This Blog is inspired by a lecture on bad habits by London Business School professor Freek Vermeulen at the Executive Education Alumni Gathering, July 1st 2017.
The Story of the Best Bank in the World.
This would be the story of CAPITEC. Capitec is a South-African Bank that started only 15 years ago. You might know that it is difficult to start a bank as there are many barriers to entry. But capitec did it and it grew into the third biggest bank in the country. Even more, Lafferty called them the best bank in the world. They are the only bank with a 5 star rating.
What makes them the best bank?
This is what Lafferty has to say:
It’s focused. That’s the first thing. It’s clearly run to a high ethical and business standard, I would say. It has the concept of the one product, which is the essence of its relationship with its customers.
And they do all that very well and consistent. They answer the strategic questions of who, what and how very well. They focus on retail customers (who), have chosen an extreme customer oriented strategy (what) and have executed that rigorously and consistently (how).
Breaking Bad Habits …
But surely, they are not the only bank who focuses? That’s right. Lafferty states that many South-African banks play in the premier league. But Capitec excels because they decided to break the industry’s bad habits, says Freek Vermeulen.
What are Bad Habits in Business?
Bad Practices are practices that have no clear added value. They often started for a good reason. But nobody changed the practices when the context changes. There’s a corporate or collective inertia. We continue with the bad habits because they are culturally transferred. We learn them through social interactions.
Changing bad practices takes energy. People have to unlearn habits and have to take on new habits. So that’s also a reason why they remain.
You can detect bad practices when people cannot clearly say why these practices are in use. But by taking the easy road and not questioning these habits, we deprive ourselves from valuable learning experiences.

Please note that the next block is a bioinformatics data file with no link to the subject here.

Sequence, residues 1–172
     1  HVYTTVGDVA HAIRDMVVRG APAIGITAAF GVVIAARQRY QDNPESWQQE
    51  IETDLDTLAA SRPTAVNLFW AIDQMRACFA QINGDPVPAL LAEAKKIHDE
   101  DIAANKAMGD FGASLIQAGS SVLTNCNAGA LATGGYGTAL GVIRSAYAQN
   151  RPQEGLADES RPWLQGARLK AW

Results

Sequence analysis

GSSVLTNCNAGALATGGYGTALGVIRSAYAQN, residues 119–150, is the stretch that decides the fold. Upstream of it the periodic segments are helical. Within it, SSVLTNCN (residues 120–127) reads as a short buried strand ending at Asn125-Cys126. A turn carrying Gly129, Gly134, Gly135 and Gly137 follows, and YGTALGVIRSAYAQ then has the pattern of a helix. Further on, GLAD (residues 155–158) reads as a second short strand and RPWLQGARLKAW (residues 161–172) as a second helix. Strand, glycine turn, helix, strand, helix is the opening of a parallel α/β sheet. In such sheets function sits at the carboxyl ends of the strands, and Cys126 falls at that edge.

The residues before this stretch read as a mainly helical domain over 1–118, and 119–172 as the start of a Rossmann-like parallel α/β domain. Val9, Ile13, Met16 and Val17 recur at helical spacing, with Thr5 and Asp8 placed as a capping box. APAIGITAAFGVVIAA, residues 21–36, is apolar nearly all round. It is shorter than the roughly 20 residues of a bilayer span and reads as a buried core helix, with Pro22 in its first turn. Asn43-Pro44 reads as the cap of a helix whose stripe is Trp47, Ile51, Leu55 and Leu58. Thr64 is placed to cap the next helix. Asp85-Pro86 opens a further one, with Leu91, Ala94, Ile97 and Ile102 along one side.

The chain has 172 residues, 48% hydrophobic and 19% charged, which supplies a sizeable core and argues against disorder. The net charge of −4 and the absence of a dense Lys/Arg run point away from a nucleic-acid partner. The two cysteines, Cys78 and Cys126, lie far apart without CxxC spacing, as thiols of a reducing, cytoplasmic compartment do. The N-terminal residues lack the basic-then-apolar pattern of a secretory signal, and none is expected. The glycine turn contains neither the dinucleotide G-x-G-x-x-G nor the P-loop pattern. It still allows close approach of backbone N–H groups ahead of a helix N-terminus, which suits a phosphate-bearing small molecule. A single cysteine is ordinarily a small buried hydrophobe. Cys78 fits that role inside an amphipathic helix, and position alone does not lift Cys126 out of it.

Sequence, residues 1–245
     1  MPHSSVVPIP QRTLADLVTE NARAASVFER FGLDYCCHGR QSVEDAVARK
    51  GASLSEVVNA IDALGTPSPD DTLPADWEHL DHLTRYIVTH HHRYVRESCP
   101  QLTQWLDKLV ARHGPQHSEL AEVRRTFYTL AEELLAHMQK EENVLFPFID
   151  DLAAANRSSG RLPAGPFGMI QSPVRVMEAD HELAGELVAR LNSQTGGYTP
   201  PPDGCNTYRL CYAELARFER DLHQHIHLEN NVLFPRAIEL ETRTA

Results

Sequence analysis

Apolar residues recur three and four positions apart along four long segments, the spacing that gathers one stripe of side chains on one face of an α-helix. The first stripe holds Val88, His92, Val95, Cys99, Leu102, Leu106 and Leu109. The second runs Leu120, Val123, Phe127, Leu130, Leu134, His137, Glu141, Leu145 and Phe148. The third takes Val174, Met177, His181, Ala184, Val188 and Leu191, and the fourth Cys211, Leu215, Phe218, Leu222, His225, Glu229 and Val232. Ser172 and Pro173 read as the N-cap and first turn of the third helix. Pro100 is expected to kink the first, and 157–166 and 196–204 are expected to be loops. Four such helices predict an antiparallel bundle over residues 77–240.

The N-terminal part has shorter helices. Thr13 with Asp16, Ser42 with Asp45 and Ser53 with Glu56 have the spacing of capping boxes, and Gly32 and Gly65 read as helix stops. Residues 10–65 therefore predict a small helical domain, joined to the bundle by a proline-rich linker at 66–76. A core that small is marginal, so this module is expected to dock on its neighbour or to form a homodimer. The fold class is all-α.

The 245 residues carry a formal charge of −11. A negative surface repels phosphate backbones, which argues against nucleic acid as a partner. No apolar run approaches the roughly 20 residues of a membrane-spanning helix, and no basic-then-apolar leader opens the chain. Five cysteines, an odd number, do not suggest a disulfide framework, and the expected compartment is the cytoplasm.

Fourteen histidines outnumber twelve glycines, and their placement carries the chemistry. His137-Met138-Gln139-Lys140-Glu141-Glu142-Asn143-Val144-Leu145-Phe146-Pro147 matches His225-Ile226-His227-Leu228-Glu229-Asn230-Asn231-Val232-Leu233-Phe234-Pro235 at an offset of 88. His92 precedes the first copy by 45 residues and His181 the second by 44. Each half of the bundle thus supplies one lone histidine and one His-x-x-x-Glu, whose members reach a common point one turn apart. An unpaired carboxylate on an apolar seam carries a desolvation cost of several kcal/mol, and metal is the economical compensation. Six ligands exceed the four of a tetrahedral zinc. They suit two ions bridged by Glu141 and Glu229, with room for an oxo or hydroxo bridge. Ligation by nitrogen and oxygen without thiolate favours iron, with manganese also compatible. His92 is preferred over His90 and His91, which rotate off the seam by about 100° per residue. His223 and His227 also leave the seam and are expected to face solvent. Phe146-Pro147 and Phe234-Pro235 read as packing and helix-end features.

What did Capitec do?
Capitec changed how the industry dealt with customers.
- All banks close at 15h30.
Capitol is open until 6pm and even on Sunday.
- All banks charged a % fee for transactions. The more money involved, the higher the fee.
Capitec charges a standard fee.
- All banks inquired for income of the customer and adapted their offer according to the income.
Capitol does not adapt the cost to the income.
- All banks had a queuing system.
Capitec has a comfortable sitting area and measures service and waiting time.
There motto is “better banking. better living“. And they focus on making that come true. Check out their value proposition in their latest commercial.
What can we learn?
So, what can we learn from the CAPITEC case?
- The Capitec Example shows that getting rid of bad practices can be a source of innovation. It’s one of the cheapest ways of innovation because it usually does not require high investments.
- We should not replace bad habits by other bad habits. In this case customer experience was the source of inspiration and it lead to installing simple and consistent practices that create value for the customers: clarity, hospitality, empathy, ….
- Looking for bad practices is something everyone can do. But people who have been long in the company have a kind of myopia. That’s why we should listen both to people who are new to the company and to the major stakeholders. Don’t ask new people to adapt to our (potentially bad) practices. Ask them to stay critical and to ask naïve questions.
- If the answer to these questions is “I don’t know”, “We have always done it like that” or “We cannot change that”, dig deeper. There might be a bad practice around.
- Capitec has a clear and consistent customer strategy that yields fantastic results. Their advantage was that they did not have any legacy. The started from scratch in a saturated and regulated market.
Freek Vermeulen on Bad Habits
Freek Vermeulen’s insights on bad habits are straightforward. Everybody immediately understands what’s at stake. He has written a book about it. It will be available as of November 2017.
In the meantime, enjoy this lecture by Freek Vermeulen.